Parliament last week confirmed the appointment of Rodney José as the new Inspector General of the Malawi Police Service (MPS) despite opposition from civil society organisations (CSOs) and the main opposition Malawi Congress Party (MCP). In this interview with our reporter AYAMI MKWANDA the new IG shares his plans and vision for the MPS. Excerpts:
How do you feel to be appointed IG?
I am excited but at the same time shocked. I am excited over the appointment because naturally, it is normal for any person to feel happy when promoted. However, I was shocked to see members of the CSOs expressing opposition towards my appointment as acting IG prior to my confirmation. The CSOs strongly opposed my appointment to the extent they held demonstrations on April 27 for which among other reasons was my appointment as IG in the acting capacity. In fact, on top of the list of the petition, was the demand that the President should remove me from my position. They even gave an ultimatum to the President to reverse his decision within 10 days. But here I am. So, I had mixed feelings when finally Parliament confirmed me as IG.
The CSOs you have mentioned opposed your appointment as IG in Parliament because of your alleged involvement in the murder of University of Malawi student Robert Chasowa in September 2011. What is your response to these serious allegations?
First and foremost, I want to repeat what I have said before. My conscience as Rodney José is very clear. And my hands I am showing you now [raising his hands] are very clean. What I mean is that I have two witnesses to that effect. My first witness is God Himself. He knows that I am innocent. My second witness is the spirit of Robert Chasowa himself. If his spirit were to rise from the grave and stand before you Mr Mkwanda, it would tell you that I did not plan or sit in any meeting or cause his death with my hands. So those people who are saying I should leave office saying my hands are tainted don’t have evidence.
But you interacted with Chasowa when you were commissioner for the South before his death. What do you say?
Yes. I had interacted with Chasowa and his colleagues. The Commission of Inquiry [into his death] mentions very clearly who his colleagues were. I don’t have to repeat them right now. However, I interacted with Chasowa at a professional level. Chasowa and his colleagues offered services to police that they wanted to help in stopping the planned July 20 demonstrations. It’s not us as police who approached him but the other way round. Therefore, I had no reason whatsoever to plan or help anyone to commit the murder.
You have taken over at a time when some quarters have lost trust in the police and accuse it of not being reformed in the way it carries out its duties. As the new IG, what are you going to do to show that MPS is working in a reformed manner?
As someone who has worked in the police service for a long time, I have heard these sentiments that officers are not doing their job in a reformed manner. Indeed the police have undergone reform process which was necessitated by the change of one party regime to a multiparty dispensation. Some people saw it fit that since we were now under a multiparty system, we needed a reformed police, now that the police was serving Malawians in a new political environment. And at first there were strides under the reforms programmes. There was remarkable transformation on the part of the police in the way they discharged their duties. But over the years we have realised that we have slackened in the way we have transacted our duties.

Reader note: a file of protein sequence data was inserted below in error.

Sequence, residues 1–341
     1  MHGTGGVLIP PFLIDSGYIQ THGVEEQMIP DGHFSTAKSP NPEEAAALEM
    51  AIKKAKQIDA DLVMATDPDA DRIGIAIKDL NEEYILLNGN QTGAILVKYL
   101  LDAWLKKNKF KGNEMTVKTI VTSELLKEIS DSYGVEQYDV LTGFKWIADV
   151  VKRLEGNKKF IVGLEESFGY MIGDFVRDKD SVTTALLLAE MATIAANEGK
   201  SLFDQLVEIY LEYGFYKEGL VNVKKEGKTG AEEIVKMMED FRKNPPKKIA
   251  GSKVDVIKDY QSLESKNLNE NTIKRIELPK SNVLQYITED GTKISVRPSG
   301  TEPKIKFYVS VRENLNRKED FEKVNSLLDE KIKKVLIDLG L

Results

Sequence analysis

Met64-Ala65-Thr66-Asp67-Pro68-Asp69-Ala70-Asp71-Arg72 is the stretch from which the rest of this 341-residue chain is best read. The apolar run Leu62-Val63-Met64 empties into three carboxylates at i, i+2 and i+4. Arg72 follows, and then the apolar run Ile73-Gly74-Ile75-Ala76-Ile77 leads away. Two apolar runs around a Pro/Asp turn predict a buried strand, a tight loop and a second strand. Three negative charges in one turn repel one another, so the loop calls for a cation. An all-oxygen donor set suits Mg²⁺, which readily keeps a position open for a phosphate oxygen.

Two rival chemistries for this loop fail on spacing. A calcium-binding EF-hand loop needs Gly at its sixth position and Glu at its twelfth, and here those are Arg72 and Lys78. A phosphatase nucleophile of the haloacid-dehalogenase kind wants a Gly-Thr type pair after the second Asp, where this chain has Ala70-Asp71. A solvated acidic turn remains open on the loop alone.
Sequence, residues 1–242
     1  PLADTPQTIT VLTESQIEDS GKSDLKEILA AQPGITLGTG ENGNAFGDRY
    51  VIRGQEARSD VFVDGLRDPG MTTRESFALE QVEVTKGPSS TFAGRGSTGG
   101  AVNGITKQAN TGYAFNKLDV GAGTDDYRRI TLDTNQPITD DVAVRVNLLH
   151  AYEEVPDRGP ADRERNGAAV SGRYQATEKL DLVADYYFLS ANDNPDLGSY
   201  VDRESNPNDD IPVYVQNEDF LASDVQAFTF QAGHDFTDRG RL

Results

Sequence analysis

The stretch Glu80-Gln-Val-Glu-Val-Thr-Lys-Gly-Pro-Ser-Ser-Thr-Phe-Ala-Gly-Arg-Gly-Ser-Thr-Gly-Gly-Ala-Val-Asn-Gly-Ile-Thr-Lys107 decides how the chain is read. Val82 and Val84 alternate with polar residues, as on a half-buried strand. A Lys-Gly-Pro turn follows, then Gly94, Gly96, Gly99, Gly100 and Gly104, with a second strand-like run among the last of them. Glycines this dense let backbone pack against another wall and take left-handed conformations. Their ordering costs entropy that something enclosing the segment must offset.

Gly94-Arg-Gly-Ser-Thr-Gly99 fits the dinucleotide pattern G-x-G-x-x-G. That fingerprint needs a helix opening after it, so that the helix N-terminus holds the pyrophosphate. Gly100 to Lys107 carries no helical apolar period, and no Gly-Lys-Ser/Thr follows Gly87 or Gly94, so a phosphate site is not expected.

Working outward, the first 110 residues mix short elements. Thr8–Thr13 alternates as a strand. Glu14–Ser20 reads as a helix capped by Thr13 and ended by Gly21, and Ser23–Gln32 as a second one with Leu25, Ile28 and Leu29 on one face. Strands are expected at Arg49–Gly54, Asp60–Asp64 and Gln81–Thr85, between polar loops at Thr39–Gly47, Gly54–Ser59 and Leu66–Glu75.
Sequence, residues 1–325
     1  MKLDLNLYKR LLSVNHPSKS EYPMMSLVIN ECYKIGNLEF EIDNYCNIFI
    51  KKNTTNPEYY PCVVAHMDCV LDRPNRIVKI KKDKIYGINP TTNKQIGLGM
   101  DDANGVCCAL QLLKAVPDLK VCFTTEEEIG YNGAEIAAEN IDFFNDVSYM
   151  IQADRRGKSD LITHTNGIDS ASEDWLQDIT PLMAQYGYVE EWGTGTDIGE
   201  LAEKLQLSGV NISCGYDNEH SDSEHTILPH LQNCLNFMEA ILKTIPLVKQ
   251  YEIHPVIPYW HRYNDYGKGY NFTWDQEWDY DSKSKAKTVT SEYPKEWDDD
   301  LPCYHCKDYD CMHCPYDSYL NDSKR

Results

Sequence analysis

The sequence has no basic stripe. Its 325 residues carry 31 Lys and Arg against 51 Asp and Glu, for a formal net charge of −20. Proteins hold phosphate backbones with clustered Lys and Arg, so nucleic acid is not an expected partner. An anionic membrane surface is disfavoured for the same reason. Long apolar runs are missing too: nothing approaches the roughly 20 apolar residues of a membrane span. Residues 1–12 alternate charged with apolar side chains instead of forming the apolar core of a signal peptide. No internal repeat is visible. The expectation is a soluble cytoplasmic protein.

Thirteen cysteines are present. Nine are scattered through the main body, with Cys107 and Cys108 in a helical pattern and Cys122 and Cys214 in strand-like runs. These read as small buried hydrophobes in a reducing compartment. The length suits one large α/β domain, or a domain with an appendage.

What do you think has been the problem?
The problem is that the police has been politicised. During this multiparty dispensation, all political players have tried to exert influence on Police. In Malawi, even parties outside government want to influence the police. They approach officers and promise them many things. Among others, they tell them they will be made inspector general once they come into power. As such, we have a divided police that has a divided focus. And that is a big challenge. So we need to forget about this influence and keep our focus on professionalism. Our mandate is to serve Malawians. If the reform programmes are failing, it is political players that want to control this institution. We, therefore, appeal to all political players in Malawi not to politicise police. I believe we can do a better job if they stop trying to control the police.
Opposition parties complain that police does not arrest perpetrators of political violence. How do you assure Malawians that they start seeing a proactive police?
Police do not make arrests based on articles published in the newspapers. People ought to bring complaints to police. And by the way, Malawi Electoral Commission [MEC] has not declared period for official campaign yet. But if you look around, you will see that parties are already in campaign mode. Another thing is that, when you go to address a political rally, you first notify the city officials. In turn, the councils will notify security officers in charge to strategise for security.
As we approaching 2019 Tripartite Elections, what is your assurance to Malawians that police will protect people’s lives and property should violence rear its ugly head?
Let me assure Malawians through this paper that members of police service and myself are committed to discharge our duties fairly and without bias. Our first commitment is to make sure that 2019 elections are free of violence. So we will do everything possible to make sure Malawians are protected. My two deputies, commissioners and myself have approached Centre for Multiparty Democracy [CMD] to arrange a meeting with all political players. We will discuss issues relating to 2019 elections. We wonder why the parties don’t compete fairly without resorting to violence. n